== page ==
The two differing dreams have greatly influenced the narrative and general population sentiment on how each country’s system should be run. In the U.S, there has been a general lack of Government appetite or unwillingness to reign in private corporate power. The rise of a Liberaltarian class has not been favourable to an income and wealth divide for the traditional working class. China in contrast is ruled by a Party that espouses a narrative for Authoritarian order, pointing to periods of great dynasties with a ruling Mandate, lest it falls to the periods of chaos when such dynasties fell apart.

It doesn’t matter if a cat is black or white. So long as it catches mice” - Deng Xiaoping

The two different dreams posit different outcomes.

In the U.S., Jack Dorsey is able to boot off the U.S. President from its platform with little to no pushback. Thierry Breton, the European Union’s Digital Commissioner, notes this as a “9/11 moment of social media”. In an opinion piece, he writes that the “fact that a CEO can pull the plug on POTUS’s loudspeaker without any checks and balances is perplexing. It is not only confirmation of the power of these platforms, but it also displays deep weaknesses in the way our society is organized in the digital space”.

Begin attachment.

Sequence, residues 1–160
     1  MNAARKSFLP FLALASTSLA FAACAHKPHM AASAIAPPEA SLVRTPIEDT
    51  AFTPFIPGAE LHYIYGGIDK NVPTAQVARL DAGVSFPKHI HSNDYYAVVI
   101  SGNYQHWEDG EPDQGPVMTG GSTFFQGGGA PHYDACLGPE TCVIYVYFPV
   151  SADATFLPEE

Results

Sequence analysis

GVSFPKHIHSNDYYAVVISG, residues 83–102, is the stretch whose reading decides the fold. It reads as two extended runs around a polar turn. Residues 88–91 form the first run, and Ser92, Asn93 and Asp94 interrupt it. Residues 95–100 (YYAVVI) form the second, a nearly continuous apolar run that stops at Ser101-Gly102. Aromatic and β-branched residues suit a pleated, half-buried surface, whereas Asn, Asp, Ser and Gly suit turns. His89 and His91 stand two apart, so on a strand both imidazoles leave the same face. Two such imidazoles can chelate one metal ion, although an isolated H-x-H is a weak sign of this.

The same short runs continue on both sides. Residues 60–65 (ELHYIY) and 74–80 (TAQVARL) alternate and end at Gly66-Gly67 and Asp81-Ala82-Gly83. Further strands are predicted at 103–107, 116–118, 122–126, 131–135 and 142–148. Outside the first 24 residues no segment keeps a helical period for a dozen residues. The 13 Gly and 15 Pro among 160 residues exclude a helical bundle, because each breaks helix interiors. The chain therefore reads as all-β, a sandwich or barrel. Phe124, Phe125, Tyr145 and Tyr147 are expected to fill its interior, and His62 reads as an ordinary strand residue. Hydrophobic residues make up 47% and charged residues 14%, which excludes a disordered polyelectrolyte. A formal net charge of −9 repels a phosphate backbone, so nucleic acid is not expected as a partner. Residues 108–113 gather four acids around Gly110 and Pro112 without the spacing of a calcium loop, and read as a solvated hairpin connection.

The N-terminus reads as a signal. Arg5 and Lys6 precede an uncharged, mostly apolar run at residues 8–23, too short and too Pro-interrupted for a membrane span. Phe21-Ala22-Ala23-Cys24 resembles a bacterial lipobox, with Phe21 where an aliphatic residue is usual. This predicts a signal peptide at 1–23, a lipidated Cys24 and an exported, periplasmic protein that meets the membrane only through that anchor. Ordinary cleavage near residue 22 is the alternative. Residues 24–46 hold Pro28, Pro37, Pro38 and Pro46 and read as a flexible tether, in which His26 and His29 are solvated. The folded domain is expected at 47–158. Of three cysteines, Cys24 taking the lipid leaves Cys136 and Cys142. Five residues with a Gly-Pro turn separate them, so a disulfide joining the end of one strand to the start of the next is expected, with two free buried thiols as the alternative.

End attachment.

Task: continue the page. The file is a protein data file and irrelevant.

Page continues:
In China, even the wealthiest man and most well known Chinese ‘model’ entrepreneur can be removed (i.e. ‘step down’ as executive chairman). The Antitrust laws can be very quickly redrafted and the very biggest Tech companies fined.

Both countries have Tech Giants who are monopolistic in behaviour. In the U.S., allegations range from collusion in employee wages to “copy, acquire, kill” strategies. In China, among all 124 unicorns - private companies with a valuation of $1 Billion USD - 50.8% are controlled or owned by the BAT: Baidu, Alibaba and Tencent.

As 2021 plays out, we may start to see more signs as to how regulation will form for the management of digital information. In China, it is clear that the CCP views its control over currency and financial flows as critical to its hold over the country’s political economy. Regulation will be implemented on any financial challenger of the CCP’s ‘bank’ status. In the US, it is uncertain how the new Biden administration will manage oversized corporate interests.